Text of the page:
Two different types of attapulgite are recognized, colloidal (used for thickening, gelling, and stabilizing, as in paints nd drilling muds) and sorptive (used as decolorizing and clarifying agents, filter aids, floor adsorbents, animal litter, and in non-carbon copy papers, among other uses). The two different types have different properties. For example, the colloidal type has free moisture (% loss at 220 C.) of at least 8%, and typically from 10 to 17%, whereas the free moisture of the sorptive type is less, not over 7% and often 0%. Similarly, the BET surface area (m.sup.2 /g) of colloidal attapulgite is at least 150, and typically over 200, while that of sorptive attapulgite is about 130. These differences are primarily due to the different heat treatments given the two types, the sorptive type being calcined (for example, at temperatures over 200 colloidal type is merely dried.
Attapulgite should be distinguished from other clays such as kaolin, in which the principal clay mineral is kaolinite, and bentonite, in which the principal clay mineral is montmorillonite. Whereas the crystal structure of these later two minerals is of a sheet type, that of attapulgite is a chain structure. This leads to particles of flake and plate shape in the case of bentonite and kaolin, respectively, while particles of attapulgite are of needle form. Also, the properties of the three clays are quite different. The surface area, sorptivity, and decolorizing power of attapulgite are high, while for bentonite these are medium and for kaolin they are low. In other words, one would not expect to use attapulgite as a substitute for either bentonite or kaolin.
There are many patents pertaining to the processing and use of attapulgite. For example, U.S. Pat. No. 3,197,317 discloses a low density oil well cement of portland cement and attapulgite, but the point of the use of attapulgite is that this material reduces the setting time of the cement less than does the use of bentonite. Also, U.S. Pat. No. 3,203,813 discloses a relatively low temperature (less than 1000 insulating material; while attapulgite is mentioned as one possible ingredient (as an equivalent to kaolin, among other clays), there is no example of such use. Finally, U.S. Pat. No. 3,509,066 discloses a method of deflocculating attapulgite (so as to be able to degrit it by settling) and contains a discussion of the material itself.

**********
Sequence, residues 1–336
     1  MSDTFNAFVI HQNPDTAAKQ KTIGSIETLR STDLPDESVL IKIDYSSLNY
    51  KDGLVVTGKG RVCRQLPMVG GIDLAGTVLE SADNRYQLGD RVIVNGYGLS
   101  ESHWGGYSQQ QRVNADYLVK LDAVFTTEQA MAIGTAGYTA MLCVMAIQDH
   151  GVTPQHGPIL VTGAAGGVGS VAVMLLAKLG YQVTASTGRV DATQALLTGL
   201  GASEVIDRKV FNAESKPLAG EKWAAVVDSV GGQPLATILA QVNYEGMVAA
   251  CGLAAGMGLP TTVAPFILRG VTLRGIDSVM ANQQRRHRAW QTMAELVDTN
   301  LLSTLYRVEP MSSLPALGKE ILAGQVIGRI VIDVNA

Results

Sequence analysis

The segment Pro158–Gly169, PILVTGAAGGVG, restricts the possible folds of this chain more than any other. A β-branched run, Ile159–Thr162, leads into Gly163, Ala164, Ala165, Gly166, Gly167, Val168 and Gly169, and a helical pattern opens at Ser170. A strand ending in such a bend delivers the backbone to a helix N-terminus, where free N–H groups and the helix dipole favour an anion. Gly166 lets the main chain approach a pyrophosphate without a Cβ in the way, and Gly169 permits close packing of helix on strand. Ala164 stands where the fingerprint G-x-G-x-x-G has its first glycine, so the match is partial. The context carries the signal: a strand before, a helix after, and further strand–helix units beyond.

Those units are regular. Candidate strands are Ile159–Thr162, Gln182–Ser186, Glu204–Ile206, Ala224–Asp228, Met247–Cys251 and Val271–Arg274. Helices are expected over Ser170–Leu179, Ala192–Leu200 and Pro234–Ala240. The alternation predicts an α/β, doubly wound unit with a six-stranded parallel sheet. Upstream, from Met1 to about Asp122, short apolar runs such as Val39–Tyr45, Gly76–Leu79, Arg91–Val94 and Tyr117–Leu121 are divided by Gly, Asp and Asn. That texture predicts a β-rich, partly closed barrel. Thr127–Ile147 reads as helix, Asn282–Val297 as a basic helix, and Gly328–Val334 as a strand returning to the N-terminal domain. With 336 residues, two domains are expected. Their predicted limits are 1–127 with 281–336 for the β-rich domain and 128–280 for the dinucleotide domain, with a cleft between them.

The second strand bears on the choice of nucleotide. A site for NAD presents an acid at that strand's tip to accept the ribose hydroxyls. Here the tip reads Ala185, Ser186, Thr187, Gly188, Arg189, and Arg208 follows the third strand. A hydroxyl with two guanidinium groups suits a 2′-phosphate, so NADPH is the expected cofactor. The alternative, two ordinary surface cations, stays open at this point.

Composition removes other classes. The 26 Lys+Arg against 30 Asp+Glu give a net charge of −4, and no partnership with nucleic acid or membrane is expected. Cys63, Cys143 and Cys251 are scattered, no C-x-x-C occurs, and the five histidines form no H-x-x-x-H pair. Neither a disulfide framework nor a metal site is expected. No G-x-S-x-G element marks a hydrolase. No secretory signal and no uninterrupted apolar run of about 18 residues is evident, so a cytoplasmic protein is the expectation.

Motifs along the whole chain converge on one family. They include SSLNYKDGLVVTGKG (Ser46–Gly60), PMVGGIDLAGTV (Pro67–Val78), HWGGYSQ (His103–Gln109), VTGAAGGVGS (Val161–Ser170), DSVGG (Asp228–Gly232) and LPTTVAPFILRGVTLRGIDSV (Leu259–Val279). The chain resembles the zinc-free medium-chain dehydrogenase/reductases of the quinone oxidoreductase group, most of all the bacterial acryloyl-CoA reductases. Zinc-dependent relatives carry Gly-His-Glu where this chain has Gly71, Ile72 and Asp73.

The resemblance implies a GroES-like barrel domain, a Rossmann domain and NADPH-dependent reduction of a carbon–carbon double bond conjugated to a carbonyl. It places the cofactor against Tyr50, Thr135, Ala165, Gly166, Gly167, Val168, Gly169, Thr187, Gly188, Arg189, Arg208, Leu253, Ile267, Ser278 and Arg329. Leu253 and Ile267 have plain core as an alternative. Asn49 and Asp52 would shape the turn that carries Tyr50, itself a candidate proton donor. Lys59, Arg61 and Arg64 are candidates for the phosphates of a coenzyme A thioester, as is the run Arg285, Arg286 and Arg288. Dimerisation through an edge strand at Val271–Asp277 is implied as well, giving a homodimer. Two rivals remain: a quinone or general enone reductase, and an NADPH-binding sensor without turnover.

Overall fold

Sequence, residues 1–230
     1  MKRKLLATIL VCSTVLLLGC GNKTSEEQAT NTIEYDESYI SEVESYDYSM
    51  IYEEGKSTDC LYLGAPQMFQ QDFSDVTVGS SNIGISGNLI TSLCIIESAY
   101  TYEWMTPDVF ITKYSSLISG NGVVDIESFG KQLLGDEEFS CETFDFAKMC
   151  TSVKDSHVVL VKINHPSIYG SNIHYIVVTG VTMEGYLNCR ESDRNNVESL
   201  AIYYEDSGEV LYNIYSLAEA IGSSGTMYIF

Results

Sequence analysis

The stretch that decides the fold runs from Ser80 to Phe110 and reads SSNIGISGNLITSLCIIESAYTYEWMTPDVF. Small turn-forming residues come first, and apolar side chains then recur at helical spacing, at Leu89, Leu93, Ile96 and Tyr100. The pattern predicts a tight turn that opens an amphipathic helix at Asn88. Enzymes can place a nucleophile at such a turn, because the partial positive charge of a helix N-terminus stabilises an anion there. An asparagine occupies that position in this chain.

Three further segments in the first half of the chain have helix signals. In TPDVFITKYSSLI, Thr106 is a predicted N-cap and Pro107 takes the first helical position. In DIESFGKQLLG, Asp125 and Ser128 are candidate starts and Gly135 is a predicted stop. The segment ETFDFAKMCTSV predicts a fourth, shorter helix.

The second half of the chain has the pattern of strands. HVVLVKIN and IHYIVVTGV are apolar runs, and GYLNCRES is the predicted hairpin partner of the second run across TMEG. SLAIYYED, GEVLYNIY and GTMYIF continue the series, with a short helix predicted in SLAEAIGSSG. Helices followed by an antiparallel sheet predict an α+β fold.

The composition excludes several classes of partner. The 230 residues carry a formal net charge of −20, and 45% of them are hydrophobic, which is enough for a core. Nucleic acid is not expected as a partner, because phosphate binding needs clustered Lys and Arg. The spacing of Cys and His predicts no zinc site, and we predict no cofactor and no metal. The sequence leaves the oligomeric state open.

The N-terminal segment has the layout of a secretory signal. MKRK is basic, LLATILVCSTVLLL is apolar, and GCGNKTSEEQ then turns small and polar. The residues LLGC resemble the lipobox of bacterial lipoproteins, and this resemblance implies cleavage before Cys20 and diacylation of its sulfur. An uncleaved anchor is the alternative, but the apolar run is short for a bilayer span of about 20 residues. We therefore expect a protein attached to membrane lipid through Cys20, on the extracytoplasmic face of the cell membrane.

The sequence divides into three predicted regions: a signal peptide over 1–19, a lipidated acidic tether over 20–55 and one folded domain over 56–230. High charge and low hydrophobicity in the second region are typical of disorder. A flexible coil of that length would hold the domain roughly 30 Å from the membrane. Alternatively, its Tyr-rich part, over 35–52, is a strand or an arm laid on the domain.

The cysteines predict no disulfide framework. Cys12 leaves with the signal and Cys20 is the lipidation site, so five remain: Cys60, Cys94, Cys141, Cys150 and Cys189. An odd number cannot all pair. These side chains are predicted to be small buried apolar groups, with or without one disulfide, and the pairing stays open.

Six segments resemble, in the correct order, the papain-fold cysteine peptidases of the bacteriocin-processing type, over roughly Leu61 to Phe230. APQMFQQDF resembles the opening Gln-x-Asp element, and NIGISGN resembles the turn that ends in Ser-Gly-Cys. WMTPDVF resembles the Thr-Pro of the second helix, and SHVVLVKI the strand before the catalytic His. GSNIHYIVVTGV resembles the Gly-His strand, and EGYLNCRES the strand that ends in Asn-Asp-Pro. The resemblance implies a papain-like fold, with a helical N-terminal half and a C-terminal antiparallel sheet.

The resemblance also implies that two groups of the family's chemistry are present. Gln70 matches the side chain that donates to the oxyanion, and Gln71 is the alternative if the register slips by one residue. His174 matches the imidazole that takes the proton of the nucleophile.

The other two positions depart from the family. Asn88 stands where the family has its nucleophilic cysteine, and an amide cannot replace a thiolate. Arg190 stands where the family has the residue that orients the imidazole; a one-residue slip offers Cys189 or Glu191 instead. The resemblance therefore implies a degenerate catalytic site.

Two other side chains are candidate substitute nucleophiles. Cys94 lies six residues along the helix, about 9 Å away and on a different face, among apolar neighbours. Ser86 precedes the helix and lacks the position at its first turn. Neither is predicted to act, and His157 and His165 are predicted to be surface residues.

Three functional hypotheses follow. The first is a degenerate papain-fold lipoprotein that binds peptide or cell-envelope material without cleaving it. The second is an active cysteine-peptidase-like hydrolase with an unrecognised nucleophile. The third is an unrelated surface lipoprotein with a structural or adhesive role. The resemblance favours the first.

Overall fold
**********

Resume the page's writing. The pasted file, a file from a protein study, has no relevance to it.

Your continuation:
Those skilled in the art will appreciate that the addition of a magnesium silicate material to a predominantly MgO composition will impair the refractoriness of the composition less than would the addition of an aluminum silicate.
It will be understood that compositions according to this invention may also contain other materials, for example a carbonaceous material such a graphite or pitch, as is well known in this art.
While is is not desired to be bound by any specific theory, it is believed that the following may be the reason for the very good gunning properties of compositions according to this invention. As mentioned above, it is necessary that the bond in a gun mix set up relatively rapidly so that the gunned material will adhere to the furnace wall or other surface on which it is placed. It is also desirable that the bond have a relatively high strength at operating temperatures. In the past, it has been necessary to rely on a single bond system to provide both these properties. In the present invention, it is believed, the attapulgite provides the initial adherence to the wall or other surface and the bond component can be chosen to provide other properties, e.g., strength at high temperatures. In other words, it is not necessary, in compositions according to the present invention, that the bond provide the initial adherence and set of the gunned material, that function being carried out by the attapulgite.
Compositions according to this invention can be used wherever gun mixes are used, for example to repair holes in furnaces such as BOF furnaces, to repair slag line cutting in electric furnaces, and such similar uses, as are well known in this art. Usually, compositions according to this invention will be made by a refractories manufacturer, the dry ingredients being mixed together (for example, in a rotating drum mixer with internal paddles or in a Muller mixer without wheels), and placed in bags or other containers for shipment to a customer, who will apply the material, mixing water with it, for example in a nozzle gun as described above.
Table I gives the compositions of several mixes made to demonstrate the effectiveness of this invention. Some of the compositions (B, C, D, E, F, G, H, J, K, M, P, R, and T) are within the scope of the invention and some (A, L, N, Q, and S) are comparison compositions. The amounts of the different ingredients shown in Table I are in parts by weight and the properties in the units indicated.
The aggregate used was a synthetic periclase made by reacting seawater with calcined dolomite, as is well known. It had the following typical chemical composition: 2.1% SiO.sub.2, 0.9% CaO, 0.4% Fe , 0.2% 0.2% B.sub.2 O.sub.3, and (by difference) 96.2% MgO; the Cr.sub.2 O.sub.3 content was less than 0.01%.